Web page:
Although only a small percentage of people are born with innate genius, anyone can cultivate their unique talents and abilities. As a child, I was blessed with sufficient intelligence and the kind of charming personality that consistently made me stand out in school. Based on this, I thought I was entitled to always stand out effortlessly.
I had a long attention span, and a sharp understanding mind as a child, so I didn’t have to work as hard as I saw many of my peers do. I didn’t have to read or prepare hard for exams, because I could remember my classwork vividly. While others had issues understanding a mathematical equation, I couldn’t even empathise with their confusion, because to me it was so easy.
But in school as in life, you’re only as good as your last win.
Coping with failure
Now, I have a better understanding of intelligence—and its inevitable diminution. I have witnessed how intelligent people often think they are continuously entitled to success without putting in the work. So much so, that when the lapses come, it’s often hard for them to accept their failures, and they struggle to overcome them and continue moving forward.
So, if such a person is not strongwilled enough, if they lack the resilience to view failure as a critical step in their learning journey, the fall becomes all the greater. Like a rolling stone that was rolled strongly in an upward trajectory—when it reaches its apex, it slows, and begins rolling downwards, and the gravity makes it harder to maneuver, or to stop.
Acknowledgment of initial natural intelligence by parents, teachers, and indeed yourself, as the principal actor, is very important, but to accompany it must be a lifetime of building and nurturing that special talent. Genetics may determine the starting line, but hard work determines the finish line.
In high school, a girl outshone me in class and answered more questions than I could. She seemed to value the classes so highly, paid rapt attention, put in effort, and got more teachers to like her. She even read her books and checked the teachers’ corrections during free periods! I’d never done this—I typically would look at the grade awarded and ignore the comments. I sincerely felt she was doing too much… until the results started distinguishing her.
I was angry. Not with myself, but with her. In this case, anger could brew a better and greater zeal to succeed, but instead, it often brews bitterness. I wanted to keep doing the same things as I always had, but achieve better results than my peers.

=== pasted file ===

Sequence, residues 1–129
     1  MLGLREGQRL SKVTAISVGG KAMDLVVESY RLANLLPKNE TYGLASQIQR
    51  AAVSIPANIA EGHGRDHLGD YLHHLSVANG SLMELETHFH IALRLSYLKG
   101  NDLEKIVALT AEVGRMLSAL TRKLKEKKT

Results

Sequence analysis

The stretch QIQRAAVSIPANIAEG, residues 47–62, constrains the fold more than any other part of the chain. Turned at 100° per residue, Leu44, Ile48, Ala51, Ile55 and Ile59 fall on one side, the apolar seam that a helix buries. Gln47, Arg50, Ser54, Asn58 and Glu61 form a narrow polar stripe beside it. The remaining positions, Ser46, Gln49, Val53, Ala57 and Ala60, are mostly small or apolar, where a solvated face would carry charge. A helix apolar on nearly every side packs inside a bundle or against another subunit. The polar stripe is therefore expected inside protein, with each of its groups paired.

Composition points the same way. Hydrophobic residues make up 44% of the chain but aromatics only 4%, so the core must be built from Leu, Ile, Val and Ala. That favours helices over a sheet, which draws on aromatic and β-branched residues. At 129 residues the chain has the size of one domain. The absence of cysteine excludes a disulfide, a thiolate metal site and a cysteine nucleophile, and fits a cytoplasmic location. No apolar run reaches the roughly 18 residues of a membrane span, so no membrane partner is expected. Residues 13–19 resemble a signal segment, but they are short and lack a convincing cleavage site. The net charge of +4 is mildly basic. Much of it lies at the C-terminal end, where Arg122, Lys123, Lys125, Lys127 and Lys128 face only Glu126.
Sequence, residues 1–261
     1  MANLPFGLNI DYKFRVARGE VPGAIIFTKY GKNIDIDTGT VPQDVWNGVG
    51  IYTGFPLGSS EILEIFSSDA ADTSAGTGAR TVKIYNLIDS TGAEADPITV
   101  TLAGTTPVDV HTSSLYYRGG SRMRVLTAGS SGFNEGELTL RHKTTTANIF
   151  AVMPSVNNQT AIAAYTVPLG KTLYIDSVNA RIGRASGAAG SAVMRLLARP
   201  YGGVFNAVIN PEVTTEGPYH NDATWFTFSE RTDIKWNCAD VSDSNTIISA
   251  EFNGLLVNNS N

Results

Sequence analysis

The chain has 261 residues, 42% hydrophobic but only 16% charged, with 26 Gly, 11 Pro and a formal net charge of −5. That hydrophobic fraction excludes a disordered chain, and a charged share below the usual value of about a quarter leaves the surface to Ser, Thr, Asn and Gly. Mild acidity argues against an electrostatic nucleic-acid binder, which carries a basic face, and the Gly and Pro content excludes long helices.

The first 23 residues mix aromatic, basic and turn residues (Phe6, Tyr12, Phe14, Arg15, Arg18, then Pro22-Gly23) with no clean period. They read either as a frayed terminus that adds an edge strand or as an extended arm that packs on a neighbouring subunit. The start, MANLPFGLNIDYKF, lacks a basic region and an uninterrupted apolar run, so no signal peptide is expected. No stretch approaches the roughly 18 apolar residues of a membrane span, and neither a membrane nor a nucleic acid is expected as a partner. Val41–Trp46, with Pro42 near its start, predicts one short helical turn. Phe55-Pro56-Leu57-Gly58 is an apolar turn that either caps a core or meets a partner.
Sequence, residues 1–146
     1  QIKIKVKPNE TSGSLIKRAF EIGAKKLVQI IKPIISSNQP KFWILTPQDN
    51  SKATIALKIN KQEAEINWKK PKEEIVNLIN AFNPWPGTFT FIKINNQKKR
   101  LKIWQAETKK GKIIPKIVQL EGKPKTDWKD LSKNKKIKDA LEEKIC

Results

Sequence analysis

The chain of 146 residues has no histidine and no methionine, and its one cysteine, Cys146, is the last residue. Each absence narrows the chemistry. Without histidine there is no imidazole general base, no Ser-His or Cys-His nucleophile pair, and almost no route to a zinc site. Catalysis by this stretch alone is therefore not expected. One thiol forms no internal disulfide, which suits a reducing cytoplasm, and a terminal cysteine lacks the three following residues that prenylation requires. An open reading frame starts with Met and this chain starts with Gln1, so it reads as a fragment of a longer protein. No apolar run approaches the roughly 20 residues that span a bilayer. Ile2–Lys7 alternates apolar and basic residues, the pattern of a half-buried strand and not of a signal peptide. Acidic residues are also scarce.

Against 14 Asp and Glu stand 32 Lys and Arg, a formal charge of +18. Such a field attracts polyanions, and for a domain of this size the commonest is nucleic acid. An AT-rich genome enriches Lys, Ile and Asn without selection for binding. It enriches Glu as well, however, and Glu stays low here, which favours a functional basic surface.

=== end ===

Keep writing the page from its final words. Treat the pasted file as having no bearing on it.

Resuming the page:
Hard work wins the prize
Looking back, many students remained completely undistinguished in their studies, but some of them have strived to become very good at what they do outside of academia, even those who were not naturally considered intelligent. With sweat and blood, they changed their own lives. My best friend comes to mind, who I thought would always come second in class, when all of a sudden (or at least it seemed that way to me), he took pole position. But it wasn’t that sudden, he intentionally worked at it—went above and beyond in his practice. The difference is in the labor.
I had everything at my beck and call, but I allowed myself to shrink. I thought: Why should I suddenly put in effort—I haven’t needed to before? There it is, the arrogance of an intelligent person shrinks their intellectual capacity because—very often—an arrogant person refuses to learn and grow. Ego is the ultimate barrier and excuse-maker.
Natural talent must be exploited, manipulated, and stretched to improve its utility and give better satisfaction. And desire must trail that talent. Michael Jordan understood this and he went on to become the greatest basketball player of all time. The improvement leads to self-perpetuating upgrades. This is one thing that even Artificial Intelligence understands, and why it will not dissipate like other trends.
I had the advantage of easily understanding. All that was required of me was to respect that and continue to invest in it. Higher levels of achievement and competition, require an upgraded level of brilliance, innovation, intelligence—and effort.
Many A-grade students become average as they progress, where C-grade students often thrive. This is not only about a school setting, it is about life generally. How often do we choose something we are “naturally good at” or have “a natural affinity for”, and reject things we aren’t good at, just because it takes more effort, more work, more pain? I once accepted that I wasn’t cut out for a certain subject, and by accepting it, birthed a reality, because I simply allowed my self-esteem to be fazed and my ego to be bruised, when all that was expected of me was to put in the work.
The power of confidence over intelligence
I have also learned the need to be more assertive, bold, or audacious—and more importantly, how this can substitute some natural intelligence in the short term. Because, unfortunately, lack of confidence can deprive you of what is rightfully yours.
Think of it as taking a small step into the limelight, to showcase your light to the world. You must not allow your talents to wither away due to laziness or miss out on opportunities that can boost your knowledge, confidence, and transform your life. Because, living with the regrets of what “could have been” is to be avoided at all costs.